Biblical Ethics Exercise #1: Obfuscation in Sharing the Gospel

A Case Study

Over the next series of articles we will be exploring the realm of Biblical Ethics by considering example case studies and the arguments in support of and opposed to differing sides of ethical questions. In this installment:

Is it right to lie if it means furthering the Gospel?”

To set the stage for this particular example, a possible scenario could be a situation similar to what existed in Eastern Bloc nations during the Cold War and still in some nations today: the need to smuggle Bibles or to provide false information in order for preaching to successfully take place in hostile nations.

Arguments for:

The greater good is served by reaching souls who would not possibly be reached by any other means. For a nation state or any government to enact a law which curtailed Christians in their ability to worship, to study the Word of God, or even to outlaw the possession and publishing of the Bible altogether is in opposition to the will of God. Although the Christian is commanded to follow the laws of the land, such a law contradicts Biblical law and is not lonely invalid, but should be actively opposed.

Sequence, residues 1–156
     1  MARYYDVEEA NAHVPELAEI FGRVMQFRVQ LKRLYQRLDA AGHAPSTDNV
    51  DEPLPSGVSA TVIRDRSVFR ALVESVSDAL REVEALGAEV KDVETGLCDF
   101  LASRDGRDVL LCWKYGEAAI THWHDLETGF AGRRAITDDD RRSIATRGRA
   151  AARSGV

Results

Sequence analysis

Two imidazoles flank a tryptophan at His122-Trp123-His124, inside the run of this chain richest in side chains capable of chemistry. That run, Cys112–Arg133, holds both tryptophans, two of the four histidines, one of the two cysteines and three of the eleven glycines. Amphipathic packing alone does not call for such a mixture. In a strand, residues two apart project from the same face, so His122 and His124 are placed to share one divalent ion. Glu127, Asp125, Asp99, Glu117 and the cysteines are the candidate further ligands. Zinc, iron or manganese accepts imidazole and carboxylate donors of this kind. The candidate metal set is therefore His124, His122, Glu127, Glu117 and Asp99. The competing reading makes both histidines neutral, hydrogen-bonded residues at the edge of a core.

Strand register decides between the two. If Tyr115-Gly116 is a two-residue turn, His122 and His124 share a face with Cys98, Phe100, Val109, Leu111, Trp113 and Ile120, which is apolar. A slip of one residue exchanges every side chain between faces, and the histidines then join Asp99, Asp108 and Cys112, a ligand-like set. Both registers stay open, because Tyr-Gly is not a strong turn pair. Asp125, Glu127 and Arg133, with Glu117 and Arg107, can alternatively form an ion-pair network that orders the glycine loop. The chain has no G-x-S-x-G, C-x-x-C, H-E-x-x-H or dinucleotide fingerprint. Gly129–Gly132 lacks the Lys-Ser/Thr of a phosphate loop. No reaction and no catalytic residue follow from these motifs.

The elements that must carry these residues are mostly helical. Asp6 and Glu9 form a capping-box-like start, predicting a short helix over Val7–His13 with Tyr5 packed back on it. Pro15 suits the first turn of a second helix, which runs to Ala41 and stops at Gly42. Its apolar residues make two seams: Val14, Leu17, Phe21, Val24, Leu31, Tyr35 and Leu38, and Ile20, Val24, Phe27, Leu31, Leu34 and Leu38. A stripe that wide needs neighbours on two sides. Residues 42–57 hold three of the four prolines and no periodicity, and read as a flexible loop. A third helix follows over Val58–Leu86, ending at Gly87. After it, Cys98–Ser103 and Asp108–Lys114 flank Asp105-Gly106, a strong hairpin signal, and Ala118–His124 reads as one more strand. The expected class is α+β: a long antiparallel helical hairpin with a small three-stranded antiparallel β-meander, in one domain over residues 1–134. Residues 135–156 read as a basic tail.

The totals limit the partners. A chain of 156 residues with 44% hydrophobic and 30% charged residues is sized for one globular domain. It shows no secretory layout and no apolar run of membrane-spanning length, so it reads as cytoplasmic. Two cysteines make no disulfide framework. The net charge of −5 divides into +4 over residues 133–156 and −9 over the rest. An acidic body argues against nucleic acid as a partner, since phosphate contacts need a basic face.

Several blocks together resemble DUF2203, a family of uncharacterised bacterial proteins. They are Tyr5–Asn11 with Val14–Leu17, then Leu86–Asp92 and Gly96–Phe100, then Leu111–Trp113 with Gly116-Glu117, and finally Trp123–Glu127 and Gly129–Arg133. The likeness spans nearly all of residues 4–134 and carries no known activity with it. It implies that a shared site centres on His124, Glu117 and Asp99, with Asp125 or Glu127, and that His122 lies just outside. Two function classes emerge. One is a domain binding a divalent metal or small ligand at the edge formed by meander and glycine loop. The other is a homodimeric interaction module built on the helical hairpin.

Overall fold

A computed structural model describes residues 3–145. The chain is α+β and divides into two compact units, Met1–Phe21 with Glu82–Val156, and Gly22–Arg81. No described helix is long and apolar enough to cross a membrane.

The use of deception for the aid of God’s people and the furthering of God’s purposes can be found in the Bible. A common argument for such a practice is found in Rahab’s deception of the people of Jericho in order to save the spies hidden in her house (Josh. 2).

Arguments against:

The key distinction to be considered is what is meant by “deception” or “obfuscation”. Nations that forbid the entrance of preachers into their borders may allow an aid worker or “English teacher”. Corruption is also the norm of many governments around the world. To smuggle in Bibles as “books” might be innocuous. The key problem begins when confronted directly, and one is required to specifically lie (e.g. sin) in order to further their mission.

To withhold information or not announce to the world every possible fact is not in itself a lie. To state a specific falsehood is. The example of Rahab is true as far as her ability to help God’s people, and for that help she is even commended (Heb. 11:31). However, did her actions require her to lie, or was there a more ethical alternative? The same can apply to the furthering of the Gospel. Can we be successful by committing sin in the process of confronting it?

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